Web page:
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April 9, 2014

Jonathan Tobin: Why Did Kerry Lie About Israeli Blame?

Samuel G. Freedman: A resolution 70 years later for a father's unsettling legacy of ashes from Dachau

Jessica Ivins: A resolution 70 years later for a father's unsettling legacy of ashes from Dachau

Kim Giles: Asking for help is not weakness

Kathy Kristof and Barbara Hoch Marcus: 7 Great Growth Israeli Stocks

Matthew Mientka: How Beans, Peas, And Chickpeas Cleanse Bad Cholesterol and Lowers Risk of Heart Disease

Sabrina Bachai: 5 At-Home Treatments For Headaches

The Kosher Gourmet by Daniel Neman Have yourself a matzo ball: The secrets bubby never told you and recipes she could have never imagined

April 8, 2014

Lori Nawyn: At Your Wit's End and Back: Finding Peace

Susan B. Garland and Rachel L. Sheedy: Strategies Married Couples Can Use to Boost Benefits

David Muhlbaum: Smart Tax Deductions Non-Itemizers Can Claim

Jill Weisenberger, M.S., R.D.N., C.D.E : Before You Lose Your Mental Edge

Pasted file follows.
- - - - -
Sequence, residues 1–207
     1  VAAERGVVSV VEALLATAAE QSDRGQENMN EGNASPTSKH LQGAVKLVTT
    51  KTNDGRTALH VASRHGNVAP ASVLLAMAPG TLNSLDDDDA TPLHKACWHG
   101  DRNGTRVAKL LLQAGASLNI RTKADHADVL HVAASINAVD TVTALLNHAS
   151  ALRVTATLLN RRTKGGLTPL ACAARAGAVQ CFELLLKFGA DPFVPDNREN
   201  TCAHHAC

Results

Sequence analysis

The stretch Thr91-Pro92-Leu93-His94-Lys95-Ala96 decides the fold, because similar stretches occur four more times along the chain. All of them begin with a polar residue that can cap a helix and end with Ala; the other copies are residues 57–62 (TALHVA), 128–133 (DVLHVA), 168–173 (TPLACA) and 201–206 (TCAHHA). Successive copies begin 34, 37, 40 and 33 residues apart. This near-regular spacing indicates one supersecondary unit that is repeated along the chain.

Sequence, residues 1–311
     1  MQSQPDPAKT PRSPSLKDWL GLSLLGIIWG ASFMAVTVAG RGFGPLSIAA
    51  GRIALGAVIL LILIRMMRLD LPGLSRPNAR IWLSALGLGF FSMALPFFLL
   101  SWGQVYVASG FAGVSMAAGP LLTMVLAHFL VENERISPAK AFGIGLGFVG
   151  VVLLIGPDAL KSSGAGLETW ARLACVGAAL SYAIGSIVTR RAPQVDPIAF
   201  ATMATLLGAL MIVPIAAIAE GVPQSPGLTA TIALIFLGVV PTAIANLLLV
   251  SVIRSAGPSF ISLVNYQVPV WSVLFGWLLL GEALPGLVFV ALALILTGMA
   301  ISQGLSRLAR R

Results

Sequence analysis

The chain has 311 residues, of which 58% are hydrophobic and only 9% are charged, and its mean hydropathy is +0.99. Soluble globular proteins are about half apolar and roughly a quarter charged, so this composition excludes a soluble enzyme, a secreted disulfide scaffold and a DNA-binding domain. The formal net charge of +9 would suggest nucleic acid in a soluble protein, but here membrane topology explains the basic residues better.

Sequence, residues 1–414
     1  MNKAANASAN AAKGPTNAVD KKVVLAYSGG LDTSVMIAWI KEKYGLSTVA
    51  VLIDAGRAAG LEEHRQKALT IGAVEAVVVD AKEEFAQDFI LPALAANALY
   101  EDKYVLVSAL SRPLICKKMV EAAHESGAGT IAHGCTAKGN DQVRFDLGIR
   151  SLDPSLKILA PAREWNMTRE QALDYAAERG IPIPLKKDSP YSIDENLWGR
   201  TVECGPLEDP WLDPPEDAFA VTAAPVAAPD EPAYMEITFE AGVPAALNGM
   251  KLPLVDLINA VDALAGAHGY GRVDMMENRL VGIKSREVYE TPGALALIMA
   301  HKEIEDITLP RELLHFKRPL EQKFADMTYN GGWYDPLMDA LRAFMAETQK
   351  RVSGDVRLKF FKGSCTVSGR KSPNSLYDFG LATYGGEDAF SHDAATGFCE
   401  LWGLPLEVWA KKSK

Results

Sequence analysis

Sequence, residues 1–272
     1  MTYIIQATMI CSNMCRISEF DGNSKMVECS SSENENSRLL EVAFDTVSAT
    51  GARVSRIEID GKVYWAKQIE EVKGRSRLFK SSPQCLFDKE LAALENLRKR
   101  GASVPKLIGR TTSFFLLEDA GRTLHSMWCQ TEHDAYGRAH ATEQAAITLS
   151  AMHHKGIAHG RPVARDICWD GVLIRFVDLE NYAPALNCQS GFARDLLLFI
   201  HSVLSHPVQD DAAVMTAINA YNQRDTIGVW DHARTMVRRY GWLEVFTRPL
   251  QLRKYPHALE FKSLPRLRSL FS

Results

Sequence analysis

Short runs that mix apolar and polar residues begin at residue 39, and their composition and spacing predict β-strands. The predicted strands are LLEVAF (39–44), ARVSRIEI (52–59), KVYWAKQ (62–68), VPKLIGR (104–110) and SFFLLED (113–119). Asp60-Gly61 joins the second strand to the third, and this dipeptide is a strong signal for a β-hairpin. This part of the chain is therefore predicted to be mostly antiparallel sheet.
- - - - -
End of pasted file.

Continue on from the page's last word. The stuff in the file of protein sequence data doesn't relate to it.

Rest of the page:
Dana Dovey: Coffee Drinkers Rejoice! Your Cup Of Joe Can Prevent Death From Liver Disease

Chris Weller: Electric 'Thinking Cap' Puts Your Brain Power Into High Gear

The Kosher Gourmet by Marlene Parrish A gift of hazelnuts keeps giving --- for a variety of nutty recipes: Entree, side, soup, dessert

April 4, 2014

Rabbi David Gutterman: The Word for Nothing Means Everything

Charles Krauthammer: Kerry's folly, Chapter 3

Amy Peterson: A life of love: How to build lasting relationships with your children

John Ericson: Older Women: Save Your Heart, Prevent Stroke Don't Drink Diet

John Ericson: Why 50 million Americans will still have spring allergies after taking meds